Books Should Be Free is now
Loyal Books
Free Public Domain Audiobooks & eBook Downloads
Search by: Title, Author or Keyword

Chinese Folk-Lore Tales   By: (-1922)

Book cover

First Page:

CHINESE FOLK LORE TALES

BY

REV. J. MACGOWAN, D.D.

[Transcriber's note: the original book from which this etext was prepared was missing pages 3 and 4, and 13 and 14.]

MACMILLAN AND CO., LIMITED

ST. MARTIN'S STREET, LONDON

1910

GLASGOW: PRINTED AT THE UNIVERSITY PRESS

BY ROBERT MACLEHOSE AND CO. LTD.

CONTENTS

I. THE WIDOW HO II. KWANG JUI AND THE GOD OF THE RIVER III. THE BEAUTIFUL DAUGHTER OF LIU KUNG IV. THE FAIRY BONZE V. THE MYSTERIOUS BUDDHIST ROBE VI. THE VENGEANCE OF THE GODDESS VII. "THE WONDERFUL MAN" VIII. THE GOD OF THE CITY IX. THE TRAGEDY OF THE YIN FAMILY X. SAM CHUNG AND THE WATER DEMON XI. THE REWARD OF A BENEVOLENT LIFE

I

THE WIDOW HO

One day in the early dawn, a distinguished mandarin was leaving the temple of the City God. It was his duty to visit this temple on the first and fifteenth of the moon, whilst the city was still asleep, to offer incense and adoration to the stern looking figure enshrined within.

This mandarin was Shih Kung, and a juster or more upright official did not exist in all the fair provinces of the Empire. Wherever his name was mentioned it was received with the profoundest reverence and respect; for the Chinese people have never lost their ideal of Tien Li, or Divine Righteousness. This ideal is still deeply embedded in the hearts of high and low, rich and poor; and the homage of all classes, even of the most depraved is gladly offered to any man who conspicuously displays this heavenly virtue.

As Shih Kung was being carried along in his sedan chair, with his numerous retinue following closely behind him, he happened to notice a young woman walking in the road in front of him, and began to wonder what it was that had brought her out at such an unusually early hour. She was dressed in the very deepest mourning, and so after a little more thought he concluded that she was a widow who was on her way to the grave of her late husband to make the usual offerings to his spirit.

All at once a sudden, furious whirlwind screamed about the woman and seemed determined to spend its force upon her; but beyond her nothing was touched by it. Not a leaf on the trees near by was moved, and not a particle of dust on the road, except just where she stood, was in the least agitated by the fierce tempest that for the moment raged around her.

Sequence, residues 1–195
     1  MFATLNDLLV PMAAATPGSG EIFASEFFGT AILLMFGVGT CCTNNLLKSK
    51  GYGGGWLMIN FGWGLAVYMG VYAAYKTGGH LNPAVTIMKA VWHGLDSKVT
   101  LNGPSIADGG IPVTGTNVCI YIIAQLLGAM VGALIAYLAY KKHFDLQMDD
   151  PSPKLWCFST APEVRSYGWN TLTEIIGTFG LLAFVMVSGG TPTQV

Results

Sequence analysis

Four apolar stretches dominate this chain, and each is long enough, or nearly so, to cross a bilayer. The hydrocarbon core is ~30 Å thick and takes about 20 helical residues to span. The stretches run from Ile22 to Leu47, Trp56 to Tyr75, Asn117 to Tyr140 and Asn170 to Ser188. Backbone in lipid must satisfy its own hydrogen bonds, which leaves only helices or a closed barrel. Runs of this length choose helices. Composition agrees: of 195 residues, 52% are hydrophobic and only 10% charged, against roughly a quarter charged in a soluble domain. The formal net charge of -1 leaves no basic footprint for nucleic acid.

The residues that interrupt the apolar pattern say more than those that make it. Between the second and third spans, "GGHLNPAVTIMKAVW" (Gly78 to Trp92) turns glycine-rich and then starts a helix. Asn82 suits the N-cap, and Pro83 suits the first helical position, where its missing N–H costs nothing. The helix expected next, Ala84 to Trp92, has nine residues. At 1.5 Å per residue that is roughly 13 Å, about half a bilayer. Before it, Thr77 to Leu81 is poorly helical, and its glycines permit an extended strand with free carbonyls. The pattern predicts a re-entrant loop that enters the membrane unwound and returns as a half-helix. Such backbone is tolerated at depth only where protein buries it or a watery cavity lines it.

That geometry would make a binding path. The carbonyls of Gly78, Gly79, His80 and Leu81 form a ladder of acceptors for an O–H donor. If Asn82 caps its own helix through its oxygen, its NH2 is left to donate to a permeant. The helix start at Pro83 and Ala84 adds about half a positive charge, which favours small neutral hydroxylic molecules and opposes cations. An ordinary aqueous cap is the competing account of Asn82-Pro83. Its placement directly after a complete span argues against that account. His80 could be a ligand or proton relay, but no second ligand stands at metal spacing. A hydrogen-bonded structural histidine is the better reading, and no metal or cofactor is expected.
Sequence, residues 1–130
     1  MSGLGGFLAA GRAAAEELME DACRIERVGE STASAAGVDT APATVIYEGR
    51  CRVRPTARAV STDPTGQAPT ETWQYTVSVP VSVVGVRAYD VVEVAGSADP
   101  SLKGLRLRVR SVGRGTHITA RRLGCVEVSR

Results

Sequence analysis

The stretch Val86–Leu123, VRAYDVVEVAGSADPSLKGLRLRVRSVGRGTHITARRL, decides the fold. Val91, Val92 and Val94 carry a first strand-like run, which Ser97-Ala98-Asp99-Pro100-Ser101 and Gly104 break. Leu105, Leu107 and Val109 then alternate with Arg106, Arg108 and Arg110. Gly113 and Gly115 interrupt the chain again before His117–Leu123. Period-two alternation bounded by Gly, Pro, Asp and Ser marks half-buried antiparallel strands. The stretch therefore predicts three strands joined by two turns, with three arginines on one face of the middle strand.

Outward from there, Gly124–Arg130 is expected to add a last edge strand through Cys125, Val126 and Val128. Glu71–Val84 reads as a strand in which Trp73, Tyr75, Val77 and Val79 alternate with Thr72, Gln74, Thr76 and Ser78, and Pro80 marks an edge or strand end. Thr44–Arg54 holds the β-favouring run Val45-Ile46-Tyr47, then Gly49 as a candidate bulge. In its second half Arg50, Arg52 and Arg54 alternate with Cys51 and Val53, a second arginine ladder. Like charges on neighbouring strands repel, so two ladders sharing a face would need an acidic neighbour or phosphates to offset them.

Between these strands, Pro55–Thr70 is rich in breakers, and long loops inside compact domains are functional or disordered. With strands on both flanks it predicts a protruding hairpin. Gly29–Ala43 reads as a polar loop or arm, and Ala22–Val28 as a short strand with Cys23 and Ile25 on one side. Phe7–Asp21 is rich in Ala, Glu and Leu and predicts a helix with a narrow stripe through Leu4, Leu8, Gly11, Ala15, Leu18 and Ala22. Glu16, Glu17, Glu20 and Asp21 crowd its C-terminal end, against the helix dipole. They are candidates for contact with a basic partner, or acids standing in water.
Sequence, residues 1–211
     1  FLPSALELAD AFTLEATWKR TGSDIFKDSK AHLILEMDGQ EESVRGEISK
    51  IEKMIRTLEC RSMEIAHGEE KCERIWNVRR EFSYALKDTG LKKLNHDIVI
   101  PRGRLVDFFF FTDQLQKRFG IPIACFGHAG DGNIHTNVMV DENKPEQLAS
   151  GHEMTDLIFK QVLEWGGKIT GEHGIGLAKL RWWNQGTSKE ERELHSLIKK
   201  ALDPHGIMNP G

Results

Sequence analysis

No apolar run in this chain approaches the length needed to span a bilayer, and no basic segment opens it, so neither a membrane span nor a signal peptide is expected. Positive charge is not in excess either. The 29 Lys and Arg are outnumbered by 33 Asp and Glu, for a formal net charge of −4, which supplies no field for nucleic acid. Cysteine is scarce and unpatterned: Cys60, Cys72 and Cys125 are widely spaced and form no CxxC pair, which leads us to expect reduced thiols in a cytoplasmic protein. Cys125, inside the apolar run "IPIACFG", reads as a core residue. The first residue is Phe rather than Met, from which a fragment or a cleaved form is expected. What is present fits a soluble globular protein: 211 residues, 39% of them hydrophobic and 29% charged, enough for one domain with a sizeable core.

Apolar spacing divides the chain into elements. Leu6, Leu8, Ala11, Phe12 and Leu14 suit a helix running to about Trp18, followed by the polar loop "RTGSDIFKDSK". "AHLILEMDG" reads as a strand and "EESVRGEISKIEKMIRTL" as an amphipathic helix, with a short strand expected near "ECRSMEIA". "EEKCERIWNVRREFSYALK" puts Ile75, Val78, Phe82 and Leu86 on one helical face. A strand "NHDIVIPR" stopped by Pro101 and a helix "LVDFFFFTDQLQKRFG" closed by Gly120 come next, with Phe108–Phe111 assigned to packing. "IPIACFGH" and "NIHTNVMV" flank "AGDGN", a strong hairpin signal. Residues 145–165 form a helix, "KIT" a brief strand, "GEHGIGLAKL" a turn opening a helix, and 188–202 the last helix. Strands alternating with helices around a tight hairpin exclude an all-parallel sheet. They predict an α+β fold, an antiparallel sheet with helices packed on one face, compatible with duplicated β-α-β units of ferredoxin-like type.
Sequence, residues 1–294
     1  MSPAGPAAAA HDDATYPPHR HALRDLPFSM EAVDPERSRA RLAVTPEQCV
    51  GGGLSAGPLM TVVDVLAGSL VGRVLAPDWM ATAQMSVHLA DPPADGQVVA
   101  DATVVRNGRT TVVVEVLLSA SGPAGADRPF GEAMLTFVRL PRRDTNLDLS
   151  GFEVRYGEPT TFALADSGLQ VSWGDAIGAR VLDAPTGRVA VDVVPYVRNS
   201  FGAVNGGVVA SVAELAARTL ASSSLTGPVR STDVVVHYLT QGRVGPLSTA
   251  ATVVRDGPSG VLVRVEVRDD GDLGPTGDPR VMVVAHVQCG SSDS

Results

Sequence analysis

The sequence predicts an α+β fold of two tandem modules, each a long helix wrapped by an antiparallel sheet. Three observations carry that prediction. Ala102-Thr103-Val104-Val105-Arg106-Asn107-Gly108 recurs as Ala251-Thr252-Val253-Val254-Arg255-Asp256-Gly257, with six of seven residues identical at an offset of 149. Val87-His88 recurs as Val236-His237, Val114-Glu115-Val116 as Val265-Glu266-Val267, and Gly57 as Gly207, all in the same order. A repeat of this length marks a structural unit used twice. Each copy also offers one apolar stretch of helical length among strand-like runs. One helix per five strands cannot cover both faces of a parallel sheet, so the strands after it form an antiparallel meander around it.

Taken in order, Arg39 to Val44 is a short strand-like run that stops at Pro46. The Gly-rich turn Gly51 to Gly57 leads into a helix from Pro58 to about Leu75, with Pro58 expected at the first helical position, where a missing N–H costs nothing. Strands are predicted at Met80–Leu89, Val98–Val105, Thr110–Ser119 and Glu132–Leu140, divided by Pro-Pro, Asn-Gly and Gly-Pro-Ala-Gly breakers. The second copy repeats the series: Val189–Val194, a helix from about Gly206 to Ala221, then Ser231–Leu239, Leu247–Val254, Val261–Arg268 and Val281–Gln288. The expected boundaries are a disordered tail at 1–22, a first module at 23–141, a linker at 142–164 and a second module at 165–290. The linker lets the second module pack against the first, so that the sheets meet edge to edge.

As Shih Kung gazed at this strange occurrence, the woman's outer skirt was blown up in the air, and he saw that underneath was another garment of a rich crimson hue. He then knew at once that there was something radically wrong, for no woman of ordinary virtuous character would ever dare to wear such a glaring colour, while she pretended to be in deep mourning. There was something suspicious, too, in the sudden tornado that blew with such terrific violence round the woman only. It was not an accident that brought it there. It was clearly the angry protest of some spirit who had been foully misused, and who was determined that the wrong doer should not escape the penalty for the evil she had committed.

Calling two of his runners to him, Shih Kung ordered them to follow the woman and to see where she was going and what she did there, and then to report to him immediately.

[Transcriber's note: pages 3 and 4 missing from source book]

the coffin of the dead, and was to be solved there and there only. His course now seemed easy, and it was with a mind full of relief that he entered his home.

He at once issued a warrant for the arrest of the widow, and at the same time sent officers to bring the coffin that contained the body of her husband from its burying place.

When the widow appeared before the mandarin, she denied that she knew anything of the cause of her husband's death. He had come home drunk one night, she declared, and had fallen senseless on the ground. After a great deal of difficulty, she had managed to lift him up on to the bed, where he lay in a drunken slumber, just as men under the influence of liquor often do, so that she was not in the least anxious or disturbed about him... Continue reading book >>




eBook Downloads
ePUB eBook
• iBooks for iPhone and iPad
• Nook
• Sony Reader
Kindle eBook
• Mobi file format for Kindle
Read eBook
• Load eBook in browser
Text File eBook
• Computers
• Windows
• Mac

Review this book



Popular Genres
More Genres
Languages
Paid Books